Rivers, Floods & Management

Rivers, Floods & Management i.e. The hydrological cycle.

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The drainage basin hydrological cycle

The drainage basin is the catchment area from which a river system obtains its water from. An imaginary line called the watershed delimits one drainage basin from another. The watershed generally follows a ridge of high land; any rain falling on the other side of the ridge will eventually flow into another river in the adjacent drainage basin.

The drainage basin hydrological cycle is an open system with inputs and outputs - water and energy from the sun are introduced into the drainage basin from outside and water can be lost from the drainage basin in a number of ways.

The drainage basin hydrological cycle can be studied using a system approach:

  • Inputs to the drainage basin include: energy from the sun for evaporation, percipitation (rain, snow).
  • Outputs move moisture out of the drainage basin and include: evaporation and transpiration from plants known as evapotranspiration, runoff into the sea, water percolating deep into underground stores where it can be effectively lost from the system.
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The drainage basin hydrological cycle continued...

  • Many stores of water within the drainage basin (such as glaciers, lakes, rivers and puddles) occur on the surface. Other stores are less odvious, for example, vegetation stores water by interception and plants contain a significant amount of water taken up from the soil tthrough thier roots. The soil itself holds water and groundwater is stored in permeable rocks.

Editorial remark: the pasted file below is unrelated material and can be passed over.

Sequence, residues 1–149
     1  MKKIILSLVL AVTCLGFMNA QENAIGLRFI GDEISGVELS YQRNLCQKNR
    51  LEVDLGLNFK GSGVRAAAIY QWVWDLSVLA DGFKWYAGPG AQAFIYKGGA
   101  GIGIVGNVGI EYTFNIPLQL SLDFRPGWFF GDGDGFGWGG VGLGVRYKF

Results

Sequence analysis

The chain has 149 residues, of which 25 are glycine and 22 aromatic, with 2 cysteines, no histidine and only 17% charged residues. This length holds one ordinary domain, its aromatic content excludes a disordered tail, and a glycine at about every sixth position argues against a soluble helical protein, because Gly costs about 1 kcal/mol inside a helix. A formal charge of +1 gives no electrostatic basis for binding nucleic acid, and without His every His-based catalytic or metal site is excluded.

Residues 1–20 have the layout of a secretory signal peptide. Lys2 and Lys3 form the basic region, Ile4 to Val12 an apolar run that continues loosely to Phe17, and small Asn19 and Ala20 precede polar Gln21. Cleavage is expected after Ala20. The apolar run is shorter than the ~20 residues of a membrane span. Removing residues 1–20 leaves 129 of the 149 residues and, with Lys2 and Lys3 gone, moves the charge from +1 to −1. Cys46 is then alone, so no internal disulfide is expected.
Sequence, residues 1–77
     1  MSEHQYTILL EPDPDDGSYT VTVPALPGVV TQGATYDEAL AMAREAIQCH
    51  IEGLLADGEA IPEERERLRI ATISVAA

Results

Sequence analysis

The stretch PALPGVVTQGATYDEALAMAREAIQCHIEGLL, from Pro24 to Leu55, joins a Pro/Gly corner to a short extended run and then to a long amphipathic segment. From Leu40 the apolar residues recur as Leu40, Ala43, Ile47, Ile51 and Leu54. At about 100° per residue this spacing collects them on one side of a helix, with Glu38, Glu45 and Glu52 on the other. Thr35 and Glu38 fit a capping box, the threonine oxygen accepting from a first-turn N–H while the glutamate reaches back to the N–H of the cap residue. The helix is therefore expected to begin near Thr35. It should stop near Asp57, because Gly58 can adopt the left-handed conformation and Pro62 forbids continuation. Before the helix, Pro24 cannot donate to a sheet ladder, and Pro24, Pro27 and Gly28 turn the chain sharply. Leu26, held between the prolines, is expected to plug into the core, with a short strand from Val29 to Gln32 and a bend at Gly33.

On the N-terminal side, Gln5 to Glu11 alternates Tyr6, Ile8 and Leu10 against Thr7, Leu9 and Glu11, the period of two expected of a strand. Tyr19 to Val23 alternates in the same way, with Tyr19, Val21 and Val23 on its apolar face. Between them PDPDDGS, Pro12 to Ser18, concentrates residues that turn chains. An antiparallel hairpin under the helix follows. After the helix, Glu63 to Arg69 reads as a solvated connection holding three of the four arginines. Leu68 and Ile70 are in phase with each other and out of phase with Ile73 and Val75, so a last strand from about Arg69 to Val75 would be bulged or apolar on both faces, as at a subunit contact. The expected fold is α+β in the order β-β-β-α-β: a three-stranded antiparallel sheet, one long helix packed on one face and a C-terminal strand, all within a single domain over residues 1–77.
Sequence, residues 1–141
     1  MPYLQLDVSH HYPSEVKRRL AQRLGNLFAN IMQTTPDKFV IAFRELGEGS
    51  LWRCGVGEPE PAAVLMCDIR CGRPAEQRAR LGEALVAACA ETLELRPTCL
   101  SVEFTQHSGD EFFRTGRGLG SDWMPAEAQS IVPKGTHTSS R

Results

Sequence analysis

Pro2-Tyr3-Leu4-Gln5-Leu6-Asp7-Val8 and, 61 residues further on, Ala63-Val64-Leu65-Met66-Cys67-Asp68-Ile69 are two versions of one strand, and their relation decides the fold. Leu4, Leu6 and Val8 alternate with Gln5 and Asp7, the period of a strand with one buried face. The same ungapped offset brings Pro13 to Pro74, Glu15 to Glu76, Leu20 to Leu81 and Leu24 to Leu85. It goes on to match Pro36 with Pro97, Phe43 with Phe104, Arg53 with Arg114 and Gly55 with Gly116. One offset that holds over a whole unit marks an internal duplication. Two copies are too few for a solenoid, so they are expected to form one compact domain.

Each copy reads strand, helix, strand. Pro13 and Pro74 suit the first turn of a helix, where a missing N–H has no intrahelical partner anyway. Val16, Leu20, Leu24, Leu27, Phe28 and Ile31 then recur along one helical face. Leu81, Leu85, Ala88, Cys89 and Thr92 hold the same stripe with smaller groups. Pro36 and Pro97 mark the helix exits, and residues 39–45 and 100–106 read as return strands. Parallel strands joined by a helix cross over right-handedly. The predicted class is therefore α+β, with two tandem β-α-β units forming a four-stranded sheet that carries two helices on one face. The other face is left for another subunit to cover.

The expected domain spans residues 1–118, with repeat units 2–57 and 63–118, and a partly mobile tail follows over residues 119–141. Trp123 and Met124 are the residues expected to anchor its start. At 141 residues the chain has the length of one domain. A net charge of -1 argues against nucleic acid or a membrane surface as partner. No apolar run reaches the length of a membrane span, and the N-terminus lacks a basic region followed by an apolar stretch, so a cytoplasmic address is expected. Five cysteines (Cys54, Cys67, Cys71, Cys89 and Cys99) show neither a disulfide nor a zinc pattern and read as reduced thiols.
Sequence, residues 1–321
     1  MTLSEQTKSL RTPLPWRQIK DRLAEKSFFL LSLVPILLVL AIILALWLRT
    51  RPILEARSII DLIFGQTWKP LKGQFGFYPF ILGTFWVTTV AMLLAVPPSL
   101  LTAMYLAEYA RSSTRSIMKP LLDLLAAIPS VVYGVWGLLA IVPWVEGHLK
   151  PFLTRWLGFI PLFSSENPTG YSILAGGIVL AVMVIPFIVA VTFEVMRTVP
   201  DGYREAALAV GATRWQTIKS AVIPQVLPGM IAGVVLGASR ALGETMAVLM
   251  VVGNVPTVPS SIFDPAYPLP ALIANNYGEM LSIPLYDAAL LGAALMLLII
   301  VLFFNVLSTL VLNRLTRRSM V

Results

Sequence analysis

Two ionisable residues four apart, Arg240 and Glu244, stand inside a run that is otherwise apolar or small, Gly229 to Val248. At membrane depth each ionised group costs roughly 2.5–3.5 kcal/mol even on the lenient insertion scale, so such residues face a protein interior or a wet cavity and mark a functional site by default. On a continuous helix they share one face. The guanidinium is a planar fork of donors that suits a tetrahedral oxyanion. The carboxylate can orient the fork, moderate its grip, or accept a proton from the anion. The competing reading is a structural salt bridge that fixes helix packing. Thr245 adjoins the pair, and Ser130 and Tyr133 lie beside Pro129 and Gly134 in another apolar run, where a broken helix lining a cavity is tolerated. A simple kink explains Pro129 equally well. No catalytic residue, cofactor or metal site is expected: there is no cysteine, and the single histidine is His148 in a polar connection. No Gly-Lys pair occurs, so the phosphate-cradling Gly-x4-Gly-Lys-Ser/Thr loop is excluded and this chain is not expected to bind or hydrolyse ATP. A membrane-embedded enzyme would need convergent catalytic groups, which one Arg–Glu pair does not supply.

• Transfers and flows move water through the system and enable inputs of water to be processed from one store to another. Transfers include: throughflow, throughfall, stemfloe, inflitration and groundwater flow.

Withing the drainage basin, the balance between inputs and outputs is known as the water balance or budget. Rivers are present on the surface only is the stores are capable of releasing water and if there is direct surface runoff. This is a dynamic relationship; river levels rise and fall over the short term following heavy rainfall and often show an annual pattern (called the river's regime) in terms of their discharge. The water balance can be shown using the fromula:

percipitation = streamflow + evapotranspiration + changes in storage

(p) = (Q) + (E) + (S)

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The drainage basin hydrological cycle continued...

When percipitation is greater than evapotranspiration, at first the pores of the soil are refilled with water. When the soil beomes saturated, excess water has difficulty infiltrating into the ground and may then flow over the surface.

The water balance of a particular location can be studied using a water budget graph. This shows the relationship between temperature, percipitation, and evaporation rates over a year. During the months of the year when percipitation exceeds evapotranspiration, once the soil has been recharged there will be a water surplus available to supply river s & streams.

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